While the film starts with Ridley’s story, it is abandoned at the 27-minute mark for Shy’s story, which dominates the rest of the film. Only late in the film do some of the characters attend the same party, but the only real connection to the two stories is a secondary character, who is the son of the man who handled Ridley’s cash and a friend of Shy’s who actually appears to be in love with Shy. That character is Patrick, played by Lee Ingleby (TV’s “Inspector George Gently”).

With te Department of the Treasury agents after him, Ridley flees to Grand Cayman Island with his high school-age daughter Pippa (Agnes Bruckner of “Anna Nicole”) and $1 million in cash. Patrick’s father (Stephen Dillane of HBO’s “Game of Thrones” as Mr. Allen), who apparently tried to sacrifice Ridley to the Feds back in Miami, already is set up on the island.

Shy, who got his name when he stopped talking for five years after witnessing violence in his youth, is in love with Andrea Sterling (Zoe Saldana of “Avatar,” “Guardians of the Galaxy”), the daughter of his boss (Robert Wisdom of TV’s “Supernatural,” “The Alienist”), who would never approve of their dating, being of different social classes. Andrea’s brother (Anthony Mackie of the “Captain America” films) does disfiguring violence to Shy, when he realizes Andrea and Shy have had sex. During the four-month jump in narrative, an emotionally lost Andrea has taken to a lot of casual sex.

Meanwhile, Fritz (Victor Rasuk), whom Pippa met on her first night on Grand Cayman, has seen Ridley’s money stash and talks local gangster thug Richie Rich (Razaaq Adoti of “Doom,” “Amisted”) into robbing Ridley.

The film, written and directed by Frank E. Flowers (“Swallow”) also plays with time a bit. The only bonus feature is a behind-the-scenes look (3:25). Grade: film 2 stars; extra ½ star

First Snow (2006, MVD Visual, Blu-ray, R, 102 min.). “First Snow,” directed and co-written by Mark Fergus (writer-producer of TV’s “The Expanse”), also features a couple of good actors in a bit lost narrative, like “Haven,” and a clairvoyant, like “Black Rainbow.” The clairvoyant is played by J.K. Simmons (“Whiplash,” TV’s “Veronica Mars”), who encounters flooring salesman Jimmy Starks (Guy Pearce of “L.A. Confidential,” “Memento”).

Starks, who has dreams of selling vintage Wurlitzer jukeboxes, encounters car trouble on one of his sales trips. While waiting for the repairs to be done, he sees Vacaro (Simmons) and asks for a reading. Vacaro tells him not to bet against a certain basketball team and that he will get unexpected money from Dallas. Starks still thinks Vacaro is making things up, even though he abruptly ends the reading and gives Starks back his money. When the team Vacaro named wins and Starks’ boss (Luce Rains as Roy), who had been in Dallas, suddenly wants to go in on the jukebox business, Starks realizes he misjudged Vacaro and hunts him down to ask why he stopped the reading. Under pressure, Vacaro finally says that Starks has not much time left, but will be “safe until the first snow.”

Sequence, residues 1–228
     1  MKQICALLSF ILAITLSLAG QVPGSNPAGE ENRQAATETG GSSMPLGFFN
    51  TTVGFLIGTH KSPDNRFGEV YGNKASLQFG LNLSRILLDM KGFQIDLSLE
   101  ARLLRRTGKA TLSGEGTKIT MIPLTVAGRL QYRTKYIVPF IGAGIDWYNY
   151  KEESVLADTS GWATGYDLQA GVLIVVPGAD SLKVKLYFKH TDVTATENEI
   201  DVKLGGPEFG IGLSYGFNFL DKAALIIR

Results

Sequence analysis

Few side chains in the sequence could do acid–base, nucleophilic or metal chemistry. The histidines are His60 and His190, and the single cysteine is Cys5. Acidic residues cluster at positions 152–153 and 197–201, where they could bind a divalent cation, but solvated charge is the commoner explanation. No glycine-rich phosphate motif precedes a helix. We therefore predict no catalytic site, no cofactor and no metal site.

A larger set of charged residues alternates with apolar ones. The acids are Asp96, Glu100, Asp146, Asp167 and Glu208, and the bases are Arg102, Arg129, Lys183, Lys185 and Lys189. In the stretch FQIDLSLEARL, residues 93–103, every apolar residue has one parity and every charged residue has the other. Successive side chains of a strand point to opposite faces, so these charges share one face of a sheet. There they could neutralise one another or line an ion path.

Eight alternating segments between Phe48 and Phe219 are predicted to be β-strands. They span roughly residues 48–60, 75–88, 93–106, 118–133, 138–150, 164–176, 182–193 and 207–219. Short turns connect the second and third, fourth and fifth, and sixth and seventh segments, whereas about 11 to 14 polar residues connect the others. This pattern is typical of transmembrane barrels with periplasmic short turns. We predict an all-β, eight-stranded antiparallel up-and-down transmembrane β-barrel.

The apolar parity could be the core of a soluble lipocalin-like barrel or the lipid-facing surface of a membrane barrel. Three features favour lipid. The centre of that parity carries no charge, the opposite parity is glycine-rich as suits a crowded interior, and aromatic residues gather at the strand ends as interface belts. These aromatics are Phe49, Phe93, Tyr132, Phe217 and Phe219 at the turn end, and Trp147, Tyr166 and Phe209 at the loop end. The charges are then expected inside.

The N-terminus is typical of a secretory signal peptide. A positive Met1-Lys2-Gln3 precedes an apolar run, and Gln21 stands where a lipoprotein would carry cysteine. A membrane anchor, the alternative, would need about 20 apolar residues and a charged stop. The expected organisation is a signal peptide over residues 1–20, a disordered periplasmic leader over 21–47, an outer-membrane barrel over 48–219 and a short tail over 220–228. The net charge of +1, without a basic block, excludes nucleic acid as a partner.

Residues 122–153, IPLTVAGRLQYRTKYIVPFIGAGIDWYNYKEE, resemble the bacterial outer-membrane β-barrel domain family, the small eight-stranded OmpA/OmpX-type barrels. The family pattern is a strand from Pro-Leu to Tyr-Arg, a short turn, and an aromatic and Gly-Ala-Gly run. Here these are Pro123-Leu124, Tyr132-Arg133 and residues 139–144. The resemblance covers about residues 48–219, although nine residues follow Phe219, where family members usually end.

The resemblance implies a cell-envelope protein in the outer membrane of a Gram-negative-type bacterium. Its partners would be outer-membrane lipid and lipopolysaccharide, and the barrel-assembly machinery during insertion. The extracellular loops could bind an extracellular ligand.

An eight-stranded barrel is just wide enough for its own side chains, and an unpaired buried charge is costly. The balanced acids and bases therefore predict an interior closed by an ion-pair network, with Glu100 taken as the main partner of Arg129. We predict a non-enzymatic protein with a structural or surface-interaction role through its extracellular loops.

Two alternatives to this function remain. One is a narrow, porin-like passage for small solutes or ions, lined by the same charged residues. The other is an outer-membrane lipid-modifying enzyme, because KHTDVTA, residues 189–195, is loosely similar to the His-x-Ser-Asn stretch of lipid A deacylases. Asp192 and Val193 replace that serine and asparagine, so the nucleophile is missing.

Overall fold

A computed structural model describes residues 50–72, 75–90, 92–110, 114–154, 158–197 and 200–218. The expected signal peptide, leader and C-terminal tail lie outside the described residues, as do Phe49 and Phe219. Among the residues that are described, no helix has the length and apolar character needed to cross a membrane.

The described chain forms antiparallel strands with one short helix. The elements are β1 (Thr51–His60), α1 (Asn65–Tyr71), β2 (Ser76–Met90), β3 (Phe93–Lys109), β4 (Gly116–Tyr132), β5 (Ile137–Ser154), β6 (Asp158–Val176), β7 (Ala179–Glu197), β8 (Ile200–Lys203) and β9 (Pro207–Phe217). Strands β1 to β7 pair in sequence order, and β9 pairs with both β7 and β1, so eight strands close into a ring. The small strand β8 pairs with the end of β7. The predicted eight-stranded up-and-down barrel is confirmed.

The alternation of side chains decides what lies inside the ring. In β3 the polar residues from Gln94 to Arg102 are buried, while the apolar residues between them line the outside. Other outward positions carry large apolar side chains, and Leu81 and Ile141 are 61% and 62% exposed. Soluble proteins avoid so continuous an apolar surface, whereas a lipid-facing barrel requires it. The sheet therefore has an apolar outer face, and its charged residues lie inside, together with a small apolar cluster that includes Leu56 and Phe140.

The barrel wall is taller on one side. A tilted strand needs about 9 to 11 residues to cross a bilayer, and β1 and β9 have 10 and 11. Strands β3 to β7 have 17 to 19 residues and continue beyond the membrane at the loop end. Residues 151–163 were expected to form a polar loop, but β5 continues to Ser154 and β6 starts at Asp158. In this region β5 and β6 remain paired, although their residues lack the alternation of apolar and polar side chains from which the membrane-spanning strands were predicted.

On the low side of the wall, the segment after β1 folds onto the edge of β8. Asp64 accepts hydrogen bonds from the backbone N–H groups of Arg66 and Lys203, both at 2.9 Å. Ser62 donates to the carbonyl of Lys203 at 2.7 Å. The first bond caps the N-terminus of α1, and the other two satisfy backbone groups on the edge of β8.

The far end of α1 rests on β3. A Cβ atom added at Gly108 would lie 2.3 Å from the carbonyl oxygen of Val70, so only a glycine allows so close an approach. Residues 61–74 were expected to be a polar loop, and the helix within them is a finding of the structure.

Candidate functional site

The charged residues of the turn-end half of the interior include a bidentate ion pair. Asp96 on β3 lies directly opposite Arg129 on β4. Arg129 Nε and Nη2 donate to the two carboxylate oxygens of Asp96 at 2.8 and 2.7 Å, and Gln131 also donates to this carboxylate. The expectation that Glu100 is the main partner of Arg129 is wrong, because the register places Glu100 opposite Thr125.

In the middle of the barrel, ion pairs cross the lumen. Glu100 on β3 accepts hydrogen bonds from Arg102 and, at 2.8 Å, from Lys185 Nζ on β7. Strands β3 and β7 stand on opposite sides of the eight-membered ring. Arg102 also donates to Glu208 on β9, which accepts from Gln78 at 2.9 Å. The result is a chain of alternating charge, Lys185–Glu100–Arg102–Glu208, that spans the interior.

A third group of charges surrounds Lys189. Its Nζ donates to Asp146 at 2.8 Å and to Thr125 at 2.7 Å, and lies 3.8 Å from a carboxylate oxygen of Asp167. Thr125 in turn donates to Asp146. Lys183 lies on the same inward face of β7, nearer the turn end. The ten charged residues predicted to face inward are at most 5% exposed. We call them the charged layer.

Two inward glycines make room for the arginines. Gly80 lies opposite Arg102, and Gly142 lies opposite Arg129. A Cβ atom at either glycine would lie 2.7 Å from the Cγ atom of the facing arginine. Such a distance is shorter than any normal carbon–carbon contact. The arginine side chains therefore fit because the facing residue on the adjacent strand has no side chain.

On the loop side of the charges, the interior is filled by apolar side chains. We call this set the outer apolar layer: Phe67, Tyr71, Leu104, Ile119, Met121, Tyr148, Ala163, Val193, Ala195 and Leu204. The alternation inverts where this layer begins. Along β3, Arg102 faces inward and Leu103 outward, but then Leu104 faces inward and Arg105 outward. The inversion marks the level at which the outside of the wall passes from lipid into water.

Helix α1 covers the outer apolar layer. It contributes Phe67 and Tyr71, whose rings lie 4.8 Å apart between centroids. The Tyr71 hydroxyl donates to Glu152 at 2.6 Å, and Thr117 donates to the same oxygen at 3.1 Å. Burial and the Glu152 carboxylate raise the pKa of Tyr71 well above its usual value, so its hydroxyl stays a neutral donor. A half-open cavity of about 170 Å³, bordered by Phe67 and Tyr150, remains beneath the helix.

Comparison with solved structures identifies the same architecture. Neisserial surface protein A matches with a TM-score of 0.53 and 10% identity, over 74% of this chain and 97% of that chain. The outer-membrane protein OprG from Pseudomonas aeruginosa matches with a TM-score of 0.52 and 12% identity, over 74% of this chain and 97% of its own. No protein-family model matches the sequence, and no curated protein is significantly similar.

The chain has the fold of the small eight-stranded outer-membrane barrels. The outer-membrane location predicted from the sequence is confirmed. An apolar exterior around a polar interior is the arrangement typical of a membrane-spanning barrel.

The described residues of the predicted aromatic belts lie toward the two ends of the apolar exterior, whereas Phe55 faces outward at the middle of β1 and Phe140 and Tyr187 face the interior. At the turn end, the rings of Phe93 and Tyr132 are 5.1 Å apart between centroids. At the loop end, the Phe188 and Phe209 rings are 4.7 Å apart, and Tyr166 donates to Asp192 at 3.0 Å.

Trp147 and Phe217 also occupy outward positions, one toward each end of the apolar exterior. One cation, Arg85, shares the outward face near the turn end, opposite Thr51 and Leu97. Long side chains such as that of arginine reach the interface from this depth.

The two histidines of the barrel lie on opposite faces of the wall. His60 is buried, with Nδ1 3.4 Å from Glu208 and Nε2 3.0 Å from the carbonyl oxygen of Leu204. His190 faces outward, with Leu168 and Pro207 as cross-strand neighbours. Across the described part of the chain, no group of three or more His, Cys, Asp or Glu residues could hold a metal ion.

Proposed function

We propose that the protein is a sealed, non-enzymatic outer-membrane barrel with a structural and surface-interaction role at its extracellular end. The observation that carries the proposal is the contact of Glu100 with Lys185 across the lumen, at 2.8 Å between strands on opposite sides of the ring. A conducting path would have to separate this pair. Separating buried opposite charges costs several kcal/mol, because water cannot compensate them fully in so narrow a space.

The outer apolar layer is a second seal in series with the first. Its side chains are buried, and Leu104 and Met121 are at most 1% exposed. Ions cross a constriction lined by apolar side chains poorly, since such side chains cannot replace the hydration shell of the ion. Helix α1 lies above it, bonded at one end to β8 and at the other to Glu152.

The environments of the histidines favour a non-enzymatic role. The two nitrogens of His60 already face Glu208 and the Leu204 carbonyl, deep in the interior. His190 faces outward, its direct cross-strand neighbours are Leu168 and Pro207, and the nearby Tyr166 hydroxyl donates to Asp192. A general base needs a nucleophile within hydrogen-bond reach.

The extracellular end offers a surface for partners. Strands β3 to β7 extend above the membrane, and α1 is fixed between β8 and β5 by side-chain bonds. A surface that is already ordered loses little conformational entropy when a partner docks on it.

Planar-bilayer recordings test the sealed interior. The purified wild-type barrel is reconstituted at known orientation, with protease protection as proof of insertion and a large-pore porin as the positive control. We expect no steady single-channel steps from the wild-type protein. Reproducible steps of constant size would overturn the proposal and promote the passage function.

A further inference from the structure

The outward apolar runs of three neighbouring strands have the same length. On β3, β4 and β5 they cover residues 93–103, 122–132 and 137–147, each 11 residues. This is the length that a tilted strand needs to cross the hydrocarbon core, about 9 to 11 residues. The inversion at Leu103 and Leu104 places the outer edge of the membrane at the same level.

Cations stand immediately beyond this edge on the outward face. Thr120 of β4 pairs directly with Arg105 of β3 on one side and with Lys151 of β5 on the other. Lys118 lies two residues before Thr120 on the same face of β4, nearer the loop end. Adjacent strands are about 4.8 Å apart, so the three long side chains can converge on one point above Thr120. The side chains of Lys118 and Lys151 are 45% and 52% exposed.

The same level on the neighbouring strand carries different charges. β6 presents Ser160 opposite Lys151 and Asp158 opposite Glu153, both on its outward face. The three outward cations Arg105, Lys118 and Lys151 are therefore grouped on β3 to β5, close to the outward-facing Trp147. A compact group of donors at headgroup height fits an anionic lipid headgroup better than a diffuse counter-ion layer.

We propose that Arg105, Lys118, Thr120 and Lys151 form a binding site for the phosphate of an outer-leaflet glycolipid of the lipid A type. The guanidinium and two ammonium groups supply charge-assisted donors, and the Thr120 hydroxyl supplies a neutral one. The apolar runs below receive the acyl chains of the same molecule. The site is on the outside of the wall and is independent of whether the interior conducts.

This makes Starks investigate his past in an attempt to discover anything that might threaten his life, whether it be a lazy valve in his heart or the former friend he abandoned and who just got paroled from prison. That friend is Vincent McClure (Shea Whigham of the new “Perry Mason” series), who blames Starks for his incarceration. The two begin a potentially dangerous game of tag.

Also in the narrative are Piper Perabo (“Coyote Ugly,” “Angel Has Fallen”) as Starks’ girlfriend, Rick Gonzalez (TV’s “Arrow”) as Andy Lopez, who blames Starks for his being fired, and William Fichtner (“Crash,” “Armageddon”) as Starks’ friend and co-worker. Perabo has a nothing role, but Gonzalez is fine in his brief moments and Fichtner, as usual, is a warm, soothing presence.

The film can be taken as a meditation on what would you do if you knew when you would die. Would you try to elude fate or try to make amends for any past transgressions? Here, the story is just not that compelling, even as it turns into a crime thriller in the second half.

Extras include a “Final Omen” featurette (3:31); behind-the-scenes looks (7:11); an interview with Simmons (1:20); and interviews with Pearce and Perabo (6:54 combined). Grade: fine and extras 2 stars

Bloodstone (1988, Arrow, Blu-ray, NR, 90 min.). One may recall that “Romancing the Stone” was a take-off of “Indiana Jones.” Well, “Bloodstone,” a very mild comedy, is a cheaper take-off of “Romancing the Stone.” Its only pluses are that it was shot entirely in India and it gave some Western exposure to prolific Tamil actor Rajinikanth.

The film opens with the funeral procession of a princess in 1221 in the Kawamaran Region of India. During the service, her father blesses the bloodstone, a giant ruby, with her blood. The stone is to bring good fortune to the good and bad times to the wicked who possess it. The modern story picks up with Paul Lorre (Jack Kehler of “Men in Black II”), who has stolen the bloodstone in London, traveling on the same Indian train as newlyweds Steph (Anna Nicholas) and Sandy (Brett Stimely of “Watchmen” film). To pass customs, Lorre slips the bloodstone into Steph’s tennis bag. Up until a week ago, Sandy was a policeman, but he hardly acts like one in the film.